Packers cornerback Micah Hyde just misses making an interception late in the fourth quarter. / Wm.Glasheen/Gannett Wisconsin Media
It was set up perfectly for a stunning upset and glorious home playoff victory.
Ravaged by injuries and fending off adversity at every turn, the Green Bay Packers’ defense finally was going to pull a thorn out of its side and get the best of San Francisco 49ers quarterback Colin Kaepernick on Sunday.
With the score deadlocked at 20-20 and 4 minutes, 14 seconds remaining, Kaepernick threw an ill-advised pass toward the left sideline intended for Anquan Boldin. Packers rookie cornerback Micah Hyde was in perfect position to pick it off.
At best, Hyde could have returned the errant pass for a potential game-winning touchdown. At worst, the Packers would have taken over deep in 49ers territory with the chance to bleed the clock and kick the game-winning field goal.
But to the horror of 77,525 chilled-to-the-bone fans at Lambeau Field, Hyde allowed the interception, and ultimately the Packers’ season, to slip through his hands.
Given new life, Kaepernick guided the 49ers on a 65-yard field goal drive that chewed up the final 5:06 and led to Phil Dawson’s 33-yard kick that handed the 49ers a 23-20 victory.
Hyde will spend a long time wondering about his critical mistake that could have made all the difference for the beleaguered defense.
“It was a catch that I should have made,” Hyde said. “I make those catches all the time in practice.
“It was tough. It was one of them drives you’ve got to make a play, and I had a chance to and I didn’t.”
It doesn’t seem fair that a conscientious rookie like Hyde, who has played well for much of the season, should shoulder the blame for this bitter defeat.
The Packers’ defense had other chances to stop Kaepernick on the game-winning drive but failed.
Kaepernick beat the Packers with his arm by completing a 17-yard pass to Michael Crabtree on third-and-10 with 4 minutes left, then used his feet to scramble for 11 yards on third-and-8 with a little more than a minute left.
Still, Kaepernick might not have had the chance for such heroics, and in fact would have been the goat, if Hyde found a way to make that interception on a high but catchable pass. The somber Packers’ locker room would have been turned upside down into a boisterous party.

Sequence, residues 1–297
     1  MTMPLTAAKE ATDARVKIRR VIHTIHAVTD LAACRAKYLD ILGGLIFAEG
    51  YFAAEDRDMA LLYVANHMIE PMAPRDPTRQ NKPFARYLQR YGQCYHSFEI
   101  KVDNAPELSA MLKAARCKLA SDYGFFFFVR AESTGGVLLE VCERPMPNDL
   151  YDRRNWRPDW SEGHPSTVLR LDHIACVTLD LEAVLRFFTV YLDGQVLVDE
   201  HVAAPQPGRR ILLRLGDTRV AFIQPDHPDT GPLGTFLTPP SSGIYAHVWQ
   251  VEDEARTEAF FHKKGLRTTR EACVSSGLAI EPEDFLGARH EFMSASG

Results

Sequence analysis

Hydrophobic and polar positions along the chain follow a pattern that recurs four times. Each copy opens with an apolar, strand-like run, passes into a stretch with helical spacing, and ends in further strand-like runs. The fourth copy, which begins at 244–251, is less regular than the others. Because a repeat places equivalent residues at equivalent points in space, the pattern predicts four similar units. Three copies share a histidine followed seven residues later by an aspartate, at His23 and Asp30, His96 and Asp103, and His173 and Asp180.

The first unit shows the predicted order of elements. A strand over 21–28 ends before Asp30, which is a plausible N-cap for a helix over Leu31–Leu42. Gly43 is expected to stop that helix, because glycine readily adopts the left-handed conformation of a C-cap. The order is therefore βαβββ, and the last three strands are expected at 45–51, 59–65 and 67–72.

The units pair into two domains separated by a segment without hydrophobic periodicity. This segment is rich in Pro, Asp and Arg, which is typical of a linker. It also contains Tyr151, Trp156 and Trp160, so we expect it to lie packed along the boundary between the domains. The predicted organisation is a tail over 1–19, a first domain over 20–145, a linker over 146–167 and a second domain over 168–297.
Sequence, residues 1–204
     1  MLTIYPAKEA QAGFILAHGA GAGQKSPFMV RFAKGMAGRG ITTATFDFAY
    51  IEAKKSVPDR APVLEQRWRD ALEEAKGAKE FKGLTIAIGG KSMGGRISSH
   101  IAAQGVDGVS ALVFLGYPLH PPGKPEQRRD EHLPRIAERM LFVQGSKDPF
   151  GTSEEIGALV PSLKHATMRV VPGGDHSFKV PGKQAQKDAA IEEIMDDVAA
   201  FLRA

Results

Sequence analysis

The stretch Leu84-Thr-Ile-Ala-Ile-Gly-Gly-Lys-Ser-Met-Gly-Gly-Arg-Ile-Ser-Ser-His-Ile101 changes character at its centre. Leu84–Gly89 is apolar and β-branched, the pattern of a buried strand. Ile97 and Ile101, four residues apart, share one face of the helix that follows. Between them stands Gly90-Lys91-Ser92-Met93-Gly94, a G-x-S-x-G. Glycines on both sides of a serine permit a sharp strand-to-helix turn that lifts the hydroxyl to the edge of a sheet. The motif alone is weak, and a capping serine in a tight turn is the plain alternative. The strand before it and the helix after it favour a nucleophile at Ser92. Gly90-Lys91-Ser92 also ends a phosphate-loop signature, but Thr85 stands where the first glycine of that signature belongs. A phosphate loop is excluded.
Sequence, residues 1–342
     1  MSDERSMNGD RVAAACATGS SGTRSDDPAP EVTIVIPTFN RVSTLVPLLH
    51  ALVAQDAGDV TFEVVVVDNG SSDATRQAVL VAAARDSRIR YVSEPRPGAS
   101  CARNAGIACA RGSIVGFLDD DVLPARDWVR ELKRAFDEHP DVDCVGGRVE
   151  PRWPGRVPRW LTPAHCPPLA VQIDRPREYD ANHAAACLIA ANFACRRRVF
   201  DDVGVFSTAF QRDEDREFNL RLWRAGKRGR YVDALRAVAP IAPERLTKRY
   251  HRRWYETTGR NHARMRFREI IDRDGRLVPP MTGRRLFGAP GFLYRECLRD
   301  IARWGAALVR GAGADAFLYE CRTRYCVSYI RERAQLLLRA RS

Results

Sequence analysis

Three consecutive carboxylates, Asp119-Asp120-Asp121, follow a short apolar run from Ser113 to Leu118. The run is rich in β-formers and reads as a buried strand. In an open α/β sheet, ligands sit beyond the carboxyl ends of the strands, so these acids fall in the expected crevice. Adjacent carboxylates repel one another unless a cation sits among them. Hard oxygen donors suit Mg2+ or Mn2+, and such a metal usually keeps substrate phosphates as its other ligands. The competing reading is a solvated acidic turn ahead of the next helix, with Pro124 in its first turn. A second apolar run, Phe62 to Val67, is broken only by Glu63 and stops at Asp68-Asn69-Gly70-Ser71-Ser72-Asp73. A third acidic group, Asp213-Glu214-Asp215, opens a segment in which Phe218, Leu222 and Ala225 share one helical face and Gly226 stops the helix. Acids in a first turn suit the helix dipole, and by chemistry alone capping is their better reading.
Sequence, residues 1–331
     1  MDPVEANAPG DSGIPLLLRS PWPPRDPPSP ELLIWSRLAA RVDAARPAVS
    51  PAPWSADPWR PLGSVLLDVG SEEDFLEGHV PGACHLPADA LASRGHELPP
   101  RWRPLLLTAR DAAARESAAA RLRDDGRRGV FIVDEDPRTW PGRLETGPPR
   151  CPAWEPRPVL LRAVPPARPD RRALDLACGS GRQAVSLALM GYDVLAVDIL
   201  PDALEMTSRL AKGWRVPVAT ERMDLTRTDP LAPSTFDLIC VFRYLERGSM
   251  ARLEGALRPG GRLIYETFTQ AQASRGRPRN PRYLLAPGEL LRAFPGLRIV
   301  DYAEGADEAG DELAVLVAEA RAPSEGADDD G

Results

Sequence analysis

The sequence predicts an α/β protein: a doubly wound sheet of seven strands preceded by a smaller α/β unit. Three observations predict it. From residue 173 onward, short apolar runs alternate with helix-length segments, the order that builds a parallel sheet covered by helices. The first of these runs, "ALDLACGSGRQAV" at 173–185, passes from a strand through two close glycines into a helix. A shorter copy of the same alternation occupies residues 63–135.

“I don’t think about that,” said veteran defensive lineman Ryan Pickett. “Micah Hyde played hard all game. We still had so many more chances to stop them, and we didn’t. We didn’t take advantage of that. That guy played hard all year. He’s going to be a great player for the Packers.”
Pickett’s kind words might take awhile to sink in and likely will offer little immediate consolation to Hyde, who knows the Packers would be preparing for a divisional playoff matchup at Carolina next week if he had only hung onto the football.
“Definitely it’s going to hurt for a little bit knowing you could have made that play,” Hyde said. “Bad things happen to football players. But you’ve got to move on and it’s about how you come back, I guess.”
This marks the fourth time in 16 months the 49ers have beaten the Packers, including a pair of playoff games. Kaepernick has played a major role in three of the four victories and is garnering quite a reputation as a Packers killer.
That makes the loss even more galling, considering how the Packers had their nemesis on the ropes and let him off the hook.
Defensive lineman Mike Daniels perhaps spoke for many of his teammates when he said the Packers must swallow their medicine, no matter how sour it tastes.
“There ain’t no agonizing,” Daniels said. “There ain’t no shoulda, woulda, coulda. It’s what happened.
“There’s no pondering elements of what could have been. So we just have to take the necessary steps to make sure this doesn’t happen again next year.”
The Packers will have a long and painful offseason to figure that out. And no one will suffer more regret than Hyde.
— firstname.lastname@example.org and follow him on Twitter @MikeVandermause.